Low velocity

AF/COPD/Hypertension

Independent

Assistance

10

89

F

Fall

Low velocity

CCF/AF/Hypertension

Independent

Zimmer frame

11

77

M

Fall

Low velocity

IHD/PVD

1 stick

2 sticks

12

62

M

Fall

Pathologic

Metastatic prostate Carcinoma

Independent

Zimmer frame

13

64

M

Fall

Low velocity

Ischaemic heart disease

1 stick

Zimmer frame

14

78

F

Fall

Low velocity

Heart block, Pacemaker

1 stick

Wheelchair

15

83

F

Spontaneous

Pathologic

Metastatic breast Carcinoma

Independent

Zimmer frame

16

85

F

Fall

Low velocity

Nil

Independent

Wheelchair

17

67

M

Fall

Pathologic

Metastatic prostate Carcinoma

Independent

1 Stick

18

72

F

Spontaneous

Pathologic

Chronic renal failure

Independent

Zimmer frame

19

80

M

Fall

Low velocity

NIDDM/MI/Hypertension

Independent

Wheelchair

20

78

F

Fall

Pathologic

Metastatic breast Carcinoma

1 stick

Wheelchair

21

91

M

Fall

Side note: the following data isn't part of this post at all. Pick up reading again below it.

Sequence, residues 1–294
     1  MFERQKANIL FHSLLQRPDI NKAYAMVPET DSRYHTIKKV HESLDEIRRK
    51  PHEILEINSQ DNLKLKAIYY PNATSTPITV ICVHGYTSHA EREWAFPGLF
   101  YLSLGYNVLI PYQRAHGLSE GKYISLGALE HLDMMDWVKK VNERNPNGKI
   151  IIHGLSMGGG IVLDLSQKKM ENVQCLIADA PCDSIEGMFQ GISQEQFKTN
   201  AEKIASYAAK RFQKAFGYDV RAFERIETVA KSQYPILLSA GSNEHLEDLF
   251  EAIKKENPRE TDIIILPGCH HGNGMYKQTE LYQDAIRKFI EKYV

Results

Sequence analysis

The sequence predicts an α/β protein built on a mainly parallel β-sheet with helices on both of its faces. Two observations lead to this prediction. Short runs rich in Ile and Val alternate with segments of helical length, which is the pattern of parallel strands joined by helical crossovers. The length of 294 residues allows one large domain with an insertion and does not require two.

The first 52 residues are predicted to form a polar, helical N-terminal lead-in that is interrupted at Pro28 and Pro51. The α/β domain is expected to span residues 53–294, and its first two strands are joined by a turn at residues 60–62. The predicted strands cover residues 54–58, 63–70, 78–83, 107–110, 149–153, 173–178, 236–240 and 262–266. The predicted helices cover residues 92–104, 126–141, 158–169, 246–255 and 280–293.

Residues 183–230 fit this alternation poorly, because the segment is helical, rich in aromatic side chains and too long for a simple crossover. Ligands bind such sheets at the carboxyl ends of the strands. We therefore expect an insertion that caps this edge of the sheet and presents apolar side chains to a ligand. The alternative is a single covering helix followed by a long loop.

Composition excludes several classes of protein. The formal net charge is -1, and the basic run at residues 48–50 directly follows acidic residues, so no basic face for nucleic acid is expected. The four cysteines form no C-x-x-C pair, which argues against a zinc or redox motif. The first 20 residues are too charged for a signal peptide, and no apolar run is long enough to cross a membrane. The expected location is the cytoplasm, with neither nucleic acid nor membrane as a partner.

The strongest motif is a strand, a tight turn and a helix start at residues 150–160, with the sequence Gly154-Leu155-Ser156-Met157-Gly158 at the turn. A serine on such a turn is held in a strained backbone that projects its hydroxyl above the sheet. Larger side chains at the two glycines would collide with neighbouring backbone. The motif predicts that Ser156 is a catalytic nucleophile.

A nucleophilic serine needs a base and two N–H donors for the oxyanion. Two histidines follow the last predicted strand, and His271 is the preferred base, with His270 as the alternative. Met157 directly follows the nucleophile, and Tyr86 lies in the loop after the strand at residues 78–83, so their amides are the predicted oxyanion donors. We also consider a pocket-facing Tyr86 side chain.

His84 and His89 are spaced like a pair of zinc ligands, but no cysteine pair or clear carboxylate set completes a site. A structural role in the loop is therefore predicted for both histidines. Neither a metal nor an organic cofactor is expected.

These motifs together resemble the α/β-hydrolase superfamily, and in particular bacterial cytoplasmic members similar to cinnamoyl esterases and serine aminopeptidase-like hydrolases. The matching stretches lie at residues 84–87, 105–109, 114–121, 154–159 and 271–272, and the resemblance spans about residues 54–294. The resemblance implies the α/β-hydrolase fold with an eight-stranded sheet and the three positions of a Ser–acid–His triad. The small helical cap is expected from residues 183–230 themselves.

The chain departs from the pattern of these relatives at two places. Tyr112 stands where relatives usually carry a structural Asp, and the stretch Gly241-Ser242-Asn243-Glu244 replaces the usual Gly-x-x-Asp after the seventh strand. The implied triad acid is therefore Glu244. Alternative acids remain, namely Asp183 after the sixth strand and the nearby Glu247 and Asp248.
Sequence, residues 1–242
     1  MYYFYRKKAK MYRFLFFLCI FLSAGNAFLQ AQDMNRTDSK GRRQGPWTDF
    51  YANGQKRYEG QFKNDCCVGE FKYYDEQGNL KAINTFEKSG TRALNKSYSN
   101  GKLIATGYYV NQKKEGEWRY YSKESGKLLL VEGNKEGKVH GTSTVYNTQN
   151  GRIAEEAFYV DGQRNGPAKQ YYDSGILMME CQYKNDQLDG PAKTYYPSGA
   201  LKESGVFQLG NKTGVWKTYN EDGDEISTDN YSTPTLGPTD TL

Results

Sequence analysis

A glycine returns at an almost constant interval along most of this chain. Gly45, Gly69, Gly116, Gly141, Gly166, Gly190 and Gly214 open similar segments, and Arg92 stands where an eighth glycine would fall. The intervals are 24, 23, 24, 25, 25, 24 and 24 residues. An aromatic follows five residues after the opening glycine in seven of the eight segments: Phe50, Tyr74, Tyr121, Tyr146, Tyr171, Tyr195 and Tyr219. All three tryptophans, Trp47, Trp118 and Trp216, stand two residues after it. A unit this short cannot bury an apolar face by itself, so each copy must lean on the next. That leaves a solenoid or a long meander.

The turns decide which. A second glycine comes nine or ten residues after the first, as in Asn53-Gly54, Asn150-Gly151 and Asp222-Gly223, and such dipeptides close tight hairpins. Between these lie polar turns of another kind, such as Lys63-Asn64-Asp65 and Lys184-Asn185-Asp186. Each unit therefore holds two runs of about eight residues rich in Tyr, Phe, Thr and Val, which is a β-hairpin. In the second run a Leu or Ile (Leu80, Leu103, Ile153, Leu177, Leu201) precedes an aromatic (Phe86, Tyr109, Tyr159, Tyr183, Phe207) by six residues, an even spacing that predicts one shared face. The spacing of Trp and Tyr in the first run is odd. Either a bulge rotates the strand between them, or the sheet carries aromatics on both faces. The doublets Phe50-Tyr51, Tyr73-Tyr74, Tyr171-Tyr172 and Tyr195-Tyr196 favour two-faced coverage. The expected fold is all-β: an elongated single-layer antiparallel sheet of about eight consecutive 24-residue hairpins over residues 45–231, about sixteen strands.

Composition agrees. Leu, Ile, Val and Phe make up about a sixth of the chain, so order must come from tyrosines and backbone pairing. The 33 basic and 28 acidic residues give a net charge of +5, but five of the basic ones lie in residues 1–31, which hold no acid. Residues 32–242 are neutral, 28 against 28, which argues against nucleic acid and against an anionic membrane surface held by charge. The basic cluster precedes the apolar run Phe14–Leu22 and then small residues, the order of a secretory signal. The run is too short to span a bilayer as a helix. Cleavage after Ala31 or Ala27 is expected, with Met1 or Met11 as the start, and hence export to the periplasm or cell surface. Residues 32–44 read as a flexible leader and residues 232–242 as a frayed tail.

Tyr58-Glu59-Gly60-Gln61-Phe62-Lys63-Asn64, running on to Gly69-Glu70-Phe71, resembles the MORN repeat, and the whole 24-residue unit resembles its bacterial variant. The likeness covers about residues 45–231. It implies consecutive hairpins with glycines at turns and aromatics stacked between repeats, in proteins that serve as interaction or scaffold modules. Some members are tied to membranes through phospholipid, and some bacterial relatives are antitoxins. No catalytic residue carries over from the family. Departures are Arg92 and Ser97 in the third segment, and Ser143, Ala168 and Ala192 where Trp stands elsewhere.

Low velocity

IHD/CCF/PE

Independent

N/A

22

79

M

Fall

Low velocity

Paget's disease/IHD/Hypertension

1 stick

1 Stick

23

75

F

Fall

Low velocity

Hypertension

Independent

Independent

24

69

M

Fall

Pathologic

Metastatic prostate Carcinoma

Independent

N/A

25

75

F

Fall

Low velocity

IHD/AF/PVD

Independent

Independent

26

70

F

Impending

Pathologic

Metastatic breast Carcinoma

Independent

Zimmer frame

27

81

F

Fall

Low velocity

Hypothyroidism

Independent

Independent

28

69

M

Fall

Low velocity

Hypertension/AAA repair

Independent

Zimmer frame

29

88

M

Fall

Low velocity

IHD/Hypertension

1 stick

Zimmer frame

30

81

F

Fall

Low velocity

AF/NIDDM/Stroke